Introduction / Background / Justification: Plant growth rates drive landscape productivity and carbon sequestration, and thus understanding what drives them is essential in determining how vegetation will respond to human-induced disturbances and climate change. Objective(s)/Hypothesis(es): Here we test predictions for how commonly studied leaf and wood tissue traits, as well as nutrient concentration in leaves and wood, affect tree stem diameter growth rates in two major tropical forest formations of South America, the Amazon and Atlantic Forest. We also tested how this effect varies across undisturbed primary and logged secondary forests, and to verify how the extreme drought event in 2015/2016 affected this relationship across the most representative species of plant communities. Methods: All plots are part of the GEM intensive carbon plot network and were monitored regularly since 2010 following standard RAINFOR protocol. Leaf and wood traits were collected from species representing the 80% basal area in each site. Growth rates were calculated using the diameter increment inventories, considering the period before (2010-2015) and after drought (2016-2019). We used generalized mixed effect models to test for the effect of different disturbances (undisturbed and secondary forests) and the distinct functional traits in growth rate before and after the drought. Results: Despite tree size, which was a major predictor in all sites, we found that both Amazon and Atlantic Forest tree growth rates were more associated with phosphorus concentration. Species from secondary forest had 2-fold higher average growth rates than species from undisturbed sites and were more affected by the extreme drought. In the two biomes, species from secondary forests showed lower growth rates after the drought (~ 60% and ~35% lower in Amazon and Atlantic Forest, respectively), while trees in undisturbed sites maintained similar growth rates compared to previous years. Undisturbed forest tree growth was mostly associated with specific leaf area, while secondary forest tree growth was better predicted by tree height. After the drought, higher growth rates were mainly driven by leaf and wood P concentration in both undisturbed and secondary forests. Implications/Conclusions: Despite small differences between the two biomes, we found noticeable differences between undisturbed and secondary forests, suggesting that disturbance alter species growth rate and their growth-trait relationship. Moreover, disturbance modify forest resilience to extreme drought events, by directly affecting growth rates and converging the main drivers of tree growth, where phosphorus use and storage may play a leading role in tropical forest recovery.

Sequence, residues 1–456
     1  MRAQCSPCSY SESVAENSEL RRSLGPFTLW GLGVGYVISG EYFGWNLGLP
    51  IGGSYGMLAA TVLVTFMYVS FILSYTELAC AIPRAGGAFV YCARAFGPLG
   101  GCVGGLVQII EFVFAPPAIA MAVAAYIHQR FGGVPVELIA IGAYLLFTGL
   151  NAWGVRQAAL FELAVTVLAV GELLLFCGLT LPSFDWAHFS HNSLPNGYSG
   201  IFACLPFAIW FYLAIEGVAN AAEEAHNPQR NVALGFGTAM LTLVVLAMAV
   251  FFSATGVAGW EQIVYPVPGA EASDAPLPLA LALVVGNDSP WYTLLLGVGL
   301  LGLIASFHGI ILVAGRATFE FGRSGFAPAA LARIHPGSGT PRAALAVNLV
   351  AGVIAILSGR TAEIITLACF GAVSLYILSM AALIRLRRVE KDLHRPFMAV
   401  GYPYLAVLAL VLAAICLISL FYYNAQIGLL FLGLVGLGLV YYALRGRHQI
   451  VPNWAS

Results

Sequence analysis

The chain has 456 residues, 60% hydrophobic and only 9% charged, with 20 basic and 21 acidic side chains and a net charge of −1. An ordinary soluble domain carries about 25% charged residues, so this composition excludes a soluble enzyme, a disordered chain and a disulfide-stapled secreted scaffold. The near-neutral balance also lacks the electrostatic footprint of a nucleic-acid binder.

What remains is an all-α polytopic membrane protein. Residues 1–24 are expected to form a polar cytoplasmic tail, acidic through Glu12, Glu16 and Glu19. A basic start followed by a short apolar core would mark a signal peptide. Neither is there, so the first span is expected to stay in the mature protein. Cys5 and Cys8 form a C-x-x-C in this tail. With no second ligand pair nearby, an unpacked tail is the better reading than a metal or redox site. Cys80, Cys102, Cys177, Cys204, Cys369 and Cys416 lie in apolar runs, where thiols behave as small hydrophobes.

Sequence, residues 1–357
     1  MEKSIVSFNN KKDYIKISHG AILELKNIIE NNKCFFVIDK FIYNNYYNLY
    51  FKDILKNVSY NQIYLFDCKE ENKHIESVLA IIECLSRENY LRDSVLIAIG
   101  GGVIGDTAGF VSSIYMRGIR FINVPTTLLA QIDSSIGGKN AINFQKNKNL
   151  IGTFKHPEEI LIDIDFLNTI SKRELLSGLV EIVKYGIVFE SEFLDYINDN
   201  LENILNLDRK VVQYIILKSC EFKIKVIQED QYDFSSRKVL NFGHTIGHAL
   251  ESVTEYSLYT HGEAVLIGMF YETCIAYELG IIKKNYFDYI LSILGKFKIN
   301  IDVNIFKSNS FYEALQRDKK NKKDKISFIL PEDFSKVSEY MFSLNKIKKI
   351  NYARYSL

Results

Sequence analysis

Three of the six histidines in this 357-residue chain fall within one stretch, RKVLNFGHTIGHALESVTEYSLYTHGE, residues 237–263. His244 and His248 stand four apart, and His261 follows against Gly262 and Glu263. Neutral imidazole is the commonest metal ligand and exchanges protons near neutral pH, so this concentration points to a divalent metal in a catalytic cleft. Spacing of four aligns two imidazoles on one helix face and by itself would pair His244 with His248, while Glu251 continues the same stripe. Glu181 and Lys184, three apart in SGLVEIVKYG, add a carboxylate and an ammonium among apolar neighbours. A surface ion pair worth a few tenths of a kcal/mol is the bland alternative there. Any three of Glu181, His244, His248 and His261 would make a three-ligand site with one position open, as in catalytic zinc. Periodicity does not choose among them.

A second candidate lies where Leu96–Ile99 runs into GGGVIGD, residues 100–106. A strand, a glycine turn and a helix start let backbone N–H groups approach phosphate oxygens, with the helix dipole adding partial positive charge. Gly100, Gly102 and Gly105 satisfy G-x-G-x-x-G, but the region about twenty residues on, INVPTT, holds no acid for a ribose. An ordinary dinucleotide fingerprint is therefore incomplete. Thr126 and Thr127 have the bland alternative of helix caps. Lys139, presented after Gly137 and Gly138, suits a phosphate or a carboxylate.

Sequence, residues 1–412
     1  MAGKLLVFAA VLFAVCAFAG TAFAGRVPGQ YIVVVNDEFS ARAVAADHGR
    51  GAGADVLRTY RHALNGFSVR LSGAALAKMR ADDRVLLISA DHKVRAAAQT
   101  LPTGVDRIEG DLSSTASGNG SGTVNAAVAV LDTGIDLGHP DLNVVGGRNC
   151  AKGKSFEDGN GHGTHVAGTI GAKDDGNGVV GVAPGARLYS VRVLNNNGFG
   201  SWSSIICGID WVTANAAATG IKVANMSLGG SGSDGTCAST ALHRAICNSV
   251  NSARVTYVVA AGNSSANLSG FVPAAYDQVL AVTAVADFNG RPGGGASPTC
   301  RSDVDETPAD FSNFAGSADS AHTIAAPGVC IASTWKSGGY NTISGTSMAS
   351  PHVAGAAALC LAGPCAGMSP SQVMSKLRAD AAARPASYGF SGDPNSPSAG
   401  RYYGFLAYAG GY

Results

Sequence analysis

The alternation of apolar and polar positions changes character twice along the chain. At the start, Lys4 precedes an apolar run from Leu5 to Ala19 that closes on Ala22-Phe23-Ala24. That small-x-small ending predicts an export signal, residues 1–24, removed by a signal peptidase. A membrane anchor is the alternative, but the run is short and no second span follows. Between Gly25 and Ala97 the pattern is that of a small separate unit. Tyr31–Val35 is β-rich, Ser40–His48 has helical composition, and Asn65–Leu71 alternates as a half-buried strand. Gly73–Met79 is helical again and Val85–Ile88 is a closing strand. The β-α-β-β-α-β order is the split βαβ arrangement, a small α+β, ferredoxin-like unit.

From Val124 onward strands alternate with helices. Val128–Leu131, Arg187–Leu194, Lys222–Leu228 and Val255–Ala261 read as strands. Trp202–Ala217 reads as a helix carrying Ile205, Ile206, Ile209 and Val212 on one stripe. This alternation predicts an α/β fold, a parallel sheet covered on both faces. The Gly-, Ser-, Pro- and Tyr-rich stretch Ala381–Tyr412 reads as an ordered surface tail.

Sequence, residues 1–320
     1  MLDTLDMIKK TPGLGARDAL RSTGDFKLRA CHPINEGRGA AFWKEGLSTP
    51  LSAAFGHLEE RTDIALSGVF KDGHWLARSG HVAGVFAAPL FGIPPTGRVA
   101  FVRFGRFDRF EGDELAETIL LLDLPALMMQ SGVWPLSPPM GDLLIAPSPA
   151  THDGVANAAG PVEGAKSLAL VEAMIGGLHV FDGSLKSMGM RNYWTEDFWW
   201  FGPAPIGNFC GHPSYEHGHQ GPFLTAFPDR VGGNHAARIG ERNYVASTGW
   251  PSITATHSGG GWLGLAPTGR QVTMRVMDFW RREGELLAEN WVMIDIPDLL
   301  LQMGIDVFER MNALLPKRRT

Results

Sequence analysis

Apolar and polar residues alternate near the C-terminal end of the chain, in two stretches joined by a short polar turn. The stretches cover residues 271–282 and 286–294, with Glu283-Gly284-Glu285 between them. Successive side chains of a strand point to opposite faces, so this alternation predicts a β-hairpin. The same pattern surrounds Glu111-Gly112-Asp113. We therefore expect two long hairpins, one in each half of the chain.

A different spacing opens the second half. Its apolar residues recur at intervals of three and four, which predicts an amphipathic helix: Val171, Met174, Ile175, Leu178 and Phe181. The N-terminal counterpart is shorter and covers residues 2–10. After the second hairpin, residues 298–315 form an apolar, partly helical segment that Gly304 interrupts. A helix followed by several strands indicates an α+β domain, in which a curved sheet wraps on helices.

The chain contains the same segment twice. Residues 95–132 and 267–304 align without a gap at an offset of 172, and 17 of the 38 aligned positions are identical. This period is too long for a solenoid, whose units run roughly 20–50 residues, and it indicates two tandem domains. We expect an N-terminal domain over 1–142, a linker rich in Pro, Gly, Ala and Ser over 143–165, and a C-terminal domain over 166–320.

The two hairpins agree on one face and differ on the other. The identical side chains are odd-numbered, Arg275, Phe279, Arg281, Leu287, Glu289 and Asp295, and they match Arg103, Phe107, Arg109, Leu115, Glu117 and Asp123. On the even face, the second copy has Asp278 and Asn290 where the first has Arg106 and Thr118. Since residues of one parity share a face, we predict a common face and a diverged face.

Growth, Drought, Amazon, Atlantic Forest, Nutrients, Wood density